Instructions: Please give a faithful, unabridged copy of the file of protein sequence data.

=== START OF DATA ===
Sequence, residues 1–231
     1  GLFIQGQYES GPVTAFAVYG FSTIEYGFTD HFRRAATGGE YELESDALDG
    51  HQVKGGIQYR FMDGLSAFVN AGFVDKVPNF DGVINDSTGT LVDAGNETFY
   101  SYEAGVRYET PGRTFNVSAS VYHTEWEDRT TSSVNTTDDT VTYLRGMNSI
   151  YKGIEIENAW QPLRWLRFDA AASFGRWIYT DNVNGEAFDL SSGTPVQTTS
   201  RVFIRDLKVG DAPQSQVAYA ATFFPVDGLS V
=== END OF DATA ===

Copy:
Sequence, residues 1–231
     1  GLFIQGQYES GPVTAFAVYG FSTIEYGFTD HFRRAATGGE YELESDALDG
    51  HQVKGGIQYR FMDGLSAFVN AGFVDKVPNF DGVINDSTGT LVDAGNETFY
   101  SYEAGVRYET PGRTFNVSAS VYHTEWEDRT TSSVNTTDDT VTYLRGMNSI
   151  YKGIEIENAW QPLRWLRFDA AASFGRWIYT DNVNGEAFDL SSGTPVQTTS
   201  RVFIRDLKVG DAPQSQVAYA ATFFPVDGLS V